Vegan Wine

December 2016

Many people assume that all wine is vegan or vegetarian. How can it not be?

It is unknown to many (because it does not have to be stated on the bottle) that towards the end of the wine making process the wine may have come in to contact with animal derived products. This is still quite common for many wines.

Why would the wine come in to contact with animal-derived products? 
A wine making process called fining is used by wine makers who want to clarify and stabilise the wines by adding so called fining agents to remove proteins, yeast, and other organic particles which are in suspension during the making of the wine. This is where the animal products may come in.

Historically blood powder was used as a fining agent, however these days other common fining agents are used, such as:
•    Isinglass (fish swim bladder)
•    Gelatin
•    Albumin (egg whites)
•    Casein (animal milk protein)

The reason why winemakers carry out fining on their wine is to improve appearance, quality and flavour. Given time gravity will have the same effect as fining. However, winemakers may specifically want to carry out fining on a wine that needs to be consumed young (not suitable for ageing) when time and flavour is of the essence. 

Nevertheless, more and more vegan or vegetarian wine is becoming available. If winemakers choose to carry out fining on their wine without animal derived products they may use:
•    Bentonite clay
•    Agar agar
•    Activated charcoal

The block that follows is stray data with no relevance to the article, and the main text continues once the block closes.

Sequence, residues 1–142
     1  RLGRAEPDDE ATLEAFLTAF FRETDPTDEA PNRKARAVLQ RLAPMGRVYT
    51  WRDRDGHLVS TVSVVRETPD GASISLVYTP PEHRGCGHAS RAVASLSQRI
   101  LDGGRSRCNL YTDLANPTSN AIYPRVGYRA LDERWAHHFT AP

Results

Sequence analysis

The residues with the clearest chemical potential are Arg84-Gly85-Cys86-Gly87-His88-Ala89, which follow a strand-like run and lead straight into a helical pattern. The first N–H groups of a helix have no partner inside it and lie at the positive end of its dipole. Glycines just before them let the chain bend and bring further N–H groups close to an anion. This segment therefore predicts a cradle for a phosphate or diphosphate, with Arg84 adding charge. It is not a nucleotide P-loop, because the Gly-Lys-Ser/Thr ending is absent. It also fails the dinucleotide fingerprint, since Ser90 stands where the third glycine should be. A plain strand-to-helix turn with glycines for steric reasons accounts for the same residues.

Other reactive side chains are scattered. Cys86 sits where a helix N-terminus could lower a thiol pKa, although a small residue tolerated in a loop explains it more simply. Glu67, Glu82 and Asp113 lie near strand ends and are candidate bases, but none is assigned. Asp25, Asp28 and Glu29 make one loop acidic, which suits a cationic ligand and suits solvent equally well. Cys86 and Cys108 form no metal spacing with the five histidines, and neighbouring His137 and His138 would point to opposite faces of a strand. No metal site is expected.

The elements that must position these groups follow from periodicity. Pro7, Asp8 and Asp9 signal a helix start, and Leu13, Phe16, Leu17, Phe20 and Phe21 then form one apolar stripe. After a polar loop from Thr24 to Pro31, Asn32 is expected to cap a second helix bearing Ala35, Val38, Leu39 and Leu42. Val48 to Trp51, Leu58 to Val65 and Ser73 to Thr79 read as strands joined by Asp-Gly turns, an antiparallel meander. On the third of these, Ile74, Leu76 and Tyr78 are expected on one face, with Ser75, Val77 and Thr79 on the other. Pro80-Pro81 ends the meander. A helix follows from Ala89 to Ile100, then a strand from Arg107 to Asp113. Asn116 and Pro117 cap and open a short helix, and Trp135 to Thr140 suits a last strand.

•    Fining agents derived from potatoes and peas

Below we have listed producers we import from who produce vegan/vegetarian wines or take a look at our Vegan Wine Section in the Shop:

Frontos, Hoya del Navio, La Casa di Bricciano, Movia, Jakeli Wines, Le Fraghe (red wines).
 

Jan LindfeldtComment
Island to Island

December 2016

We have chosen two very special wines to profile this week, both come from Island regions many people would not associate with wine production; Tenerife and Lipari.

Hoya del Navio 2012

Finca la Hornaca is a small family run winery situated on the north-west coast of Tenerife. 
This area experiences mild winters and cool summers, with the average temperature 25°c. 

Practising ecological agriculture and using little technology in the continuing quest to obtain high quality products while still being respectful of the consumer and the environment.

The vineyard is only 2 hectares, planted with the traditional Canarian grape varieties Listàn Negro and Negramoll. 
The wine is made exclusively with the farms own grapes. Production is only 2,500 bottles per year.

The work in the vineyard is based on prevention, nutrition and restoration of soil life in order to achieve more rustic and hardy plants with healthy fruit.

 

Malvasia delle Lipari

Tenuta di Castellaro is located on the beautiful island of Lipari. Lipari is part of the Aeolian Islands, a volcanic archipelago off the coast of Sicily. It’s a special place. “Organic wines produced with the utmost respect for nature and tradition”.

The viticulture at Tenuta di Castellaro is artisan and involves no use of synthetic chemicals. Their wines are ecological gems. They are organically certified. 

The soil is sandy, volcanic, deep, fertile and rich in trace elements enabling the creation of outstanding wines with real reflection of their terroir.